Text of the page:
Impairment of GH responsiveness to GH-releasing hexapeptide (GHRP-6) in Prader-Willi syndrome.

The aim of this study was to evaluate the GH-releasing activity of a synthetic hexapeptide, GHRP-6, in the Prader-Willi syndrome (PWS). Sixteen PWS patients (7 males and 9 females, aged 12.7-38.3 yr), 15 with essential obesity (OB) (7 males and 8 females, aged 12.9-42.9 yr), and 8 short normal children (SN; 3 males and 5 females, aged 10.2-14.3 yr) underwent 2 tests on separate occasions, being challenged with GHRP-6 (1 microg/kg, iv) or GHRH (1 microg/kg, iv)+PD (60 or 120 mg for children or adults, po). Moreover, in 11 patients with PWS and in the group of SN, the GH response to at least 2 stimulation tests had been previously determined. GH was analyzed either as mean peak values (GHp, mcg/l), or as the area under the curve (AUC, mcg/l/h) and the net incremental area under the curve (nAUC, mcg/l/h). In the group of PWS subjects, GH responses to both GHRP-6 (GHp: 11.4+/-2.0; AUC: 588+/-113; nAUC: 483+/-108) and GHRH+PD (GHp: 7.3+/-1.8; AUC: 486+/-122; nAUC: 371+/-250) were significantly lower than those observed either in OB (GHRP-6: GHp: 25.7+/-3.2, p<0.003; AUC: 1833+/-305, p<0.005; nAUC: 1640+/-263, p<0.0001. GHRH+PD: GHp: 15.1+/-2.4, p<0.009; AUC: 1249+/-248, p<0.003; nAUC: 918+/-230, p<0.006) or in SN patients (GHRP-6: GHp: 39.1+/-3.1, p<0.0001; AUC: 2792+/-158, p<0.0001; nAUC: 2705+/-165, p<0.00005. GHRH+PD: GHp: 27.5+/-3.7, p<0.0001; AUC: 1873+/-251, p<0.0001; nAUC: 1692+/-219, p<0.0005). Unlike control groups, in PWS patients GH levels after GHRP-6 did not differ from those obtained after GHRH+PD. Interestingly, low IGF-I values were present in all PWS subjects. Furthermore, no patient with PWS showed normal GH response to the previously performed GH stimulation tests. As already reported, GH release after GHRP-6 or GHRH+PD was significantly lower in OB than in SN subjects. In conclusion, our data indicate that: 1) GH response to GHRP-6 is clearly impaired in PWS; 2) the blunted GH responses to the provocative stimuli in PWS are not an artifact of obesity; 3) short stature in PWS is caused by a complex dysfunction of the hypothalamo-pituitary structures.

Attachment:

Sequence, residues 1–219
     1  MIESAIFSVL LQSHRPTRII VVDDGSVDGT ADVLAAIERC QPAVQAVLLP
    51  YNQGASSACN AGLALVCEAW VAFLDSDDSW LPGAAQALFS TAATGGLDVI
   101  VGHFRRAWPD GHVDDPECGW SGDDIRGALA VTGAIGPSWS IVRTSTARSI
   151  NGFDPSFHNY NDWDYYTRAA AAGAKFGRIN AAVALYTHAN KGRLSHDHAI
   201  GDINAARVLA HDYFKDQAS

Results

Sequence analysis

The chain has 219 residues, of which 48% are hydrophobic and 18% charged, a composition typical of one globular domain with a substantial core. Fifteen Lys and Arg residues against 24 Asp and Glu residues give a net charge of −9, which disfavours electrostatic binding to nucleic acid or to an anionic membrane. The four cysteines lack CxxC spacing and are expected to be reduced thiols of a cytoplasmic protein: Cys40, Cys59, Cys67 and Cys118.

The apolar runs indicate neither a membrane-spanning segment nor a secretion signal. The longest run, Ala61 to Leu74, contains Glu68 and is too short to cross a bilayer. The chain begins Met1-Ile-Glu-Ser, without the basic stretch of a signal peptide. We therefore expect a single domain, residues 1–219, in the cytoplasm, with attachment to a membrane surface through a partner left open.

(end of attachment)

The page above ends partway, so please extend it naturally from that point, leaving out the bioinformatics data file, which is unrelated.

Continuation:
AuthorsG Grugni, G Guzzaloni, F Morabito
JournalJournal of endocrinological investigation (J Endocrinol Invest) Vol. 24 Issue 5 Pg. 340-8 (May 2001) ISSN: 0391-4097 [Print] Italy
PMID11407654 (Publication Type: Journal Article)
Chemical References
  • Oligopeptides
  • Human Growth Hormone
  • Insulin-Like Growth Factor I
  • growth hormone releasing hexapeptide
  • Growth Hormone-Releasing Hormone
  • Pyridostigmine Bromide
  • Adolescent
  • Adult
  • Body Mass Index
  • Child
  • Female
  • Growth Hormone-Releasing Hormone
  • Human Growth Hormone (blood)
  • Humans
  • Insulin-Like Growth Factor I (analysis)
  • Kinetics
  • Male
  • Obesity (complications)
  • Oligopeptides
  • Prader-Willi Syndrome (blood, complications)
  • Pyridostigmine Bromide

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